Academic Freedom

The Issue

Academic freedom at Canada’s post-secondary institutions is being seriously undermined. A significant proportion of university and college academic staff are being hired into contingent positions lacking the job security that makes protection of academic freedom feasible. In response to chronic underfunding, universities have agreed to fundraising deals and collaborative projects that compromise academic integrity and academic freedom. Universities are actively implementing codes of conduct and respectful workplace policies that attempt to regulate speech permissible under Canada’s Charter of Rights and Freedoms.

Why It Matters

The public mission of the university is to advance and disseminate knowledge, educate students, and encourage critical thinking and free expression. These ends cannot be achieved without academic freedom.

Our Work

The Centre engages in public education about the nature and importance of academic freedom. It highlights current threats and works to ensure that academic freedom rights are extended to all academic staff.

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Blog Post: (Free) Speech on Campus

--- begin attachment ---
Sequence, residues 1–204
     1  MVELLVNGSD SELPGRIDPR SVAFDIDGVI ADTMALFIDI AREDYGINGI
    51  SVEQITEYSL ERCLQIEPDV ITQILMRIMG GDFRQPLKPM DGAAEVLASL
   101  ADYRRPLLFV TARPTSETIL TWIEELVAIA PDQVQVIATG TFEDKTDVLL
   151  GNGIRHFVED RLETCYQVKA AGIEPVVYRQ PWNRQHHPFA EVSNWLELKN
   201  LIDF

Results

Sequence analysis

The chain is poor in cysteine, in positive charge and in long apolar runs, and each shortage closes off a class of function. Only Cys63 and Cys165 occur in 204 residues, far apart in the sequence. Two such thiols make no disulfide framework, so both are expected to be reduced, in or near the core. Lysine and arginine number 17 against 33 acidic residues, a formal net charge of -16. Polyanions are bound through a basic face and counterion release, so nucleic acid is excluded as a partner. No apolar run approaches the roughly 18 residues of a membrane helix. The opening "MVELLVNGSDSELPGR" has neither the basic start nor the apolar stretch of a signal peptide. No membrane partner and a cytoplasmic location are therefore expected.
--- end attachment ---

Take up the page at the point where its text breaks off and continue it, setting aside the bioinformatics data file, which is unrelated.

In the general public sphere, expression is subject to relatively few legal restrictions. Canadian law includes ‘content’ restrictions on obscenity, hate speech, defamation, and false advertising.

By Richard Moon

Blog Post: University Speech Codes and the Wounds of White Fragility

(Co-written with Anver Emon, Professor of Law, University of Toronto)

By David Schneiderman

Podcast: White License, Free Expression & Death Threats: The Challenges of Confronting Racism

When Johnny Eric Williams used controversial racially-charged language on social media to draw attention to systemic racism, he faced death threats and was suspended by Trinity College.

Blog Post: A Hailstorm of Censorship at UBC

It would be nice to think that free speech in Canada is in surpassingly good health, that it can resist attacks from authoritarians and ideologues, that censorship is unthinkable in all but the rar

By William Bruneau

Blog Post: Supreme Court to Decide if Doctrine is Good for You

Late this fall, the Supreme Court of Canada (SCC) will decide if graduates of Trinity Western University’s proposed law school can use their TWU law degree to proceed to the bar.

By William Bruneau